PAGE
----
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The Wyandotte Constitution admitted Kansas as a free state, although it was not the first choice. There were four constitutions made for Kansans to vote on, the Topeka Constitution, the Leavenworth Constitution, the Lecompton Constitution and the Wyandotte Constitution. After voting took place in a climate of intimidation and open violence, the Lecompton Constitution was voted to be the constitution of Kansas, and would have made Kansas a slave state. All that was left to do was send it to Washington D.C. After a rigorous national debate over the topic, it was overruled. The people of Kansas were set to vote on the four constitutions again. After another voting session, The Wyandotte Constitution was to be voted as the constitution of Kansas. Washington approved it and it was set, The Wyandotte Constitution was the constitution for Kansas.


The Wyandotte Constitution was approved in a referendum by a vote of 10,421 to 5,530 on October 4, 1859.[1] In April, 1860, the United States House of Representatives voted 134 to 73 to admit Kansas under the Wyandotte Constitution; however, there was resistance in the United States Senate. As 11 slave states seceded from the Union, their senators left their seats and on January 21, 1861, the Senate passed the Kansas bill.[1] The admission of Kansas as a free state became effective January 29, 1861.[1]


The constitution settled the terms of Kansas' admission to the United States, particularly establishing that it would be a free state rather than a slave state.[2] The constitution represented a pragmatic compromise over hotly contested issues: it rejected slavery and affirmed separate property rights for married women and their right to participate in school elections, but also denied universal suffrage for women, blacks, and Indians.[2]

Solon O. Thacher of Lawrence gave a rousing speech opposing the exclusion of African-Americans from Kansas. The motion to exclude was defeated because all the Democrats and a few of the Republicans favored the exclusion.[3]

Another issue delegates considered was that of women's rights. Clarina Nichols, social activist and associated editor of Quindaro Chindowan, an abolitionist newspaper, was asked to address the convention. As a result of her efforts, women gained the rights to own property and to participate in school district elections. In addition, the constitution assured that the state would provide for women's equal rights "in the possession of their children." [4][5]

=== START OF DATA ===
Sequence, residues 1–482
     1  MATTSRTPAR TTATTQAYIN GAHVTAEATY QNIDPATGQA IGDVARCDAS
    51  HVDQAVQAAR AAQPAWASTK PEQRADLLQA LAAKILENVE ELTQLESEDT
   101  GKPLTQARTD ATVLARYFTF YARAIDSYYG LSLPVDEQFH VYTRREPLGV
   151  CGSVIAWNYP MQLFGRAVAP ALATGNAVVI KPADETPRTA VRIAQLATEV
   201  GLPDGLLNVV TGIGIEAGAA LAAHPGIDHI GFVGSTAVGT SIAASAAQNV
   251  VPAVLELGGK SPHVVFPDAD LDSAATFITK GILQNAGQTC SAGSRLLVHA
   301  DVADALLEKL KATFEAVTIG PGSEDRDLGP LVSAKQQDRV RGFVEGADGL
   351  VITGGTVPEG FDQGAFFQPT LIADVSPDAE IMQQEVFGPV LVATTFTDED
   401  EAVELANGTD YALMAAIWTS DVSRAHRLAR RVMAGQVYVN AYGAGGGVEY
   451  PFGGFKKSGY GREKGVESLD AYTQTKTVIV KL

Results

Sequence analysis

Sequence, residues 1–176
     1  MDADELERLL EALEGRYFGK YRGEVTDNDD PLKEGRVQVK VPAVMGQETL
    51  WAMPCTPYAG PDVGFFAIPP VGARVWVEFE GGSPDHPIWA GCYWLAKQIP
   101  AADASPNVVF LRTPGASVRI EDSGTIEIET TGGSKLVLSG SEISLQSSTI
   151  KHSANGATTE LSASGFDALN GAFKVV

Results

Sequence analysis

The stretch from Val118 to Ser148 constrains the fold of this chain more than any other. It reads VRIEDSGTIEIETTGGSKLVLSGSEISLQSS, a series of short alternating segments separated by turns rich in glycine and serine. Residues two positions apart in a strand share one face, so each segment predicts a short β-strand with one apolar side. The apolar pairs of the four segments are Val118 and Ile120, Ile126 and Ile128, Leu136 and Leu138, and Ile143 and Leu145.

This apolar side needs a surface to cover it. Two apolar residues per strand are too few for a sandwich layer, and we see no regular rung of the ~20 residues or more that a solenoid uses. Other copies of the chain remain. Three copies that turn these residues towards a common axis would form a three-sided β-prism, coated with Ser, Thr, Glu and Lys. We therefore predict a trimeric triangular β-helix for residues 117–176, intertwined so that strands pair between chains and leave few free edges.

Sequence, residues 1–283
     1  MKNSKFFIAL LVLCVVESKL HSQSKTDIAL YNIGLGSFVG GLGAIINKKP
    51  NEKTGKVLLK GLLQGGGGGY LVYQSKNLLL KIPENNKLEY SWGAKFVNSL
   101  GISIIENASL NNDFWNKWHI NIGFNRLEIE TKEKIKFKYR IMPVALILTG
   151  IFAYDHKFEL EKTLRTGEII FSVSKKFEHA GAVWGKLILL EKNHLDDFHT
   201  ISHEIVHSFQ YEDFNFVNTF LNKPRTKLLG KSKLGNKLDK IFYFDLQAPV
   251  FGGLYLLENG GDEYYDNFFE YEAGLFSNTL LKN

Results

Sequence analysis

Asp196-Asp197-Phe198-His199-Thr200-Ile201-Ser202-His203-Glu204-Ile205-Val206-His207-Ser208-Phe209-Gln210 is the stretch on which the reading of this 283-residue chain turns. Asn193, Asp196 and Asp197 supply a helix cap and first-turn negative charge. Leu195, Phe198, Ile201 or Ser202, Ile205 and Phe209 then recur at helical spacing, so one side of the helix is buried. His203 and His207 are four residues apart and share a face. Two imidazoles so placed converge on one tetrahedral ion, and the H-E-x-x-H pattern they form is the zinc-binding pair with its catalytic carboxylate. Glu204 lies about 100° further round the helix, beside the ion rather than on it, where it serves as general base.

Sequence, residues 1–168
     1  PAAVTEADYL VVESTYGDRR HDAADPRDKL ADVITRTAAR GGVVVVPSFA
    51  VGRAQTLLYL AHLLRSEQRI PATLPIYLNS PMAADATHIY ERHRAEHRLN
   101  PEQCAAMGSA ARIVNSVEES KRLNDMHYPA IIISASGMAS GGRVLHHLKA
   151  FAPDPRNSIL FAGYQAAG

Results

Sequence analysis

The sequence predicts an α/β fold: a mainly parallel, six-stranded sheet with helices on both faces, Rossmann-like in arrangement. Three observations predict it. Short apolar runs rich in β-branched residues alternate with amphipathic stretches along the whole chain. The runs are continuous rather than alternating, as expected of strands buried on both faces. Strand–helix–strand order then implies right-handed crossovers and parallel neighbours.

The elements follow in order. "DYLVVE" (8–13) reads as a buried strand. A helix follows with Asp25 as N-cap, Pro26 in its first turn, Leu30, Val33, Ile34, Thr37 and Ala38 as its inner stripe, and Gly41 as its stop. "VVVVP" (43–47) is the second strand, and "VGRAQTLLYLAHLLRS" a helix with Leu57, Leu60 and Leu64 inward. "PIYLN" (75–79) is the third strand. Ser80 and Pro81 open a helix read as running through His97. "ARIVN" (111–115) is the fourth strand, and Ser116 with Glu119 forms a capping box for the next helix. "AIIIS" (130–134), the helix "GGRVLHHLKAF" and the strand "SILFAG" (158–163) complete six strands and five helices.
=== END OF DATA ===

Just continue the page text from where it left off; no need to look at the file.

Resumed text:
The previous proposed state constitutions were the Topeka Constitution of 1855, the Lecompton Constitution of 1857 and the Leavenworth Constitution of 1858.[2]

Amended many times (including a universal suffrage amendment in 1912), the Wyandotte Constitution is still the constitution of Kansas.[2]

Slavery is prohibited: "SEC. 6. There shall be no slavery in this State, and no involuntary servitude, except for the punishment of crime, whereof the party shall have been duly convicted."[2]


We, the people of Kansas, grateful to Almighty God for our civil and religious privileges, in order to insure the full enjoyment of our rights as American citizens, do ordain and establish the Constitution of the State of Kansas, with the following boundaries, to wit: Beginning at a point on the western boundary of the State of Missouri, where the thirty-seventh parallel of north latitude crosses the same; thence running west on said parallel to the twenty-fifth meridian of longitude west from Washington; thence north on said meridian to the fortieth parallel of north latitude; thence east on said parallel to the western boundary of the State of Missouri; thence south with the western boundary of said State to the place of beginning.[6]

Kansas's constitution is the only state constitution to attempt to recognize "civil privileges" through "Almighty God" distinct from rights of citizens of the United States.[7] The preamble also conflates "America" with "United States" in its reference to seeking "to insure the full enjoyment of our rights as American citizens" rather than citizens of the United States.[7]


  1. ^ a b c "Kansas Constitutions." Kansas Historical Society.
  2. ^ a b c d e Buescher, John. "With or Without Slavery." Roy Rosenzweig Center for History and New Media at George Mason University. Retrieved 2 September 2011.
  3. ^ Few Republicans and All Democrats favored Exclusion Archived June 8, 2013, at the Wayback Machine
  4. ^ Clarina Nichols
  5. ^ KSHS Constitution
  6. ^ Preamble Accessed 13 October 2013
  7. ^ a b "References to "God" in State Constitution". 24 October 2008. Retrieved 5 April 2013.


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